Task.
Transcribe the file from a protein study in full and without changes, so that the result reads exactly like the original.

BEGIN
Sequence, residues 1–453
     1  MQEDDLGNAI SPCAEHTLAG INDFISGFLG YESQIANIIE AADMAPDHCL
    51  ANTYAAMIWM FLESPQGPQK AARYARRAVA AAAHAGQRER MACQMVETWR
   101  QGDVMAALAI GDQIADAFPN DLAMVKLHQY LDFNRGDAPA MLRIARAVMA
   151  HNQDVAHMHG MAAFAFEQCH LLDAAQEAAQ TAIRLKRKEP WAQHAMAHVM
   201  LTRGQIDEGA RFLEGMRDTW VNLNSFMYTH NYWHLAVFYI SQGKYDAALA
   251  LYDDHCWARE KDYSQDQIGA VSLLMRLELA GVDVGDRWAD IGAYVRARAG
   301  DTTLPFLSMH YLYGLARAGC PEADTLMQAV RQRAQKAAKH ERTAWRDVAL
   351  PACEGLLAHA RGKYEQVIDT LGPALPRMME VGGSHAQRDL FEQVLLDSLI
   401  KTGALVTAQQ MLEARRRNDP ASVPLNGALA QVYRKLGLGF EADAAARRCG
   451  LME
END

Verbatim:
Sequence, residues 1–453
     1  MQEDDLGNAI SPCAEHTLAG INDFISGFLG YESQIANIIE AADMAPDHCL
    51  ANTYAAMIWM FLESPQGPQK AARYARRAVA AAAHAGQRER MACQMVETWR
   101  QGDVMAALAI GDQIADAFPN DLAMVKLHQY LDFNRGDAPA MLRIARAVMA
   151  HNQDVAHMHG MAAFAFEQCH LLDAAQEAAQ TAIRLKRKEP WAQHAMAHVM
   201  LTRGQIDEGA RFLEGMRDTW VNLNSFMYTH NYWHLAVFYI SQGKYDAALA
   251  LYDDHCWARE KDYSQDQIGA VSLLMRLELA GVDVGDRWAD IGAYVRARAG
   301  DTTLPFLSMH YLYGLARAGC PEADTLMQAV RQRAQKAAKH ERTAWRDVAL
   351  PACEGLLAHA RGKYEQVIDT LGPALPRMME VGGSHAQRDL FEQVLLDSLI
   401  KTGALVTAQQ MLEARRRNDP ASVPLNGALA QVYRKLGLGF EADAAARRCG
   451  LME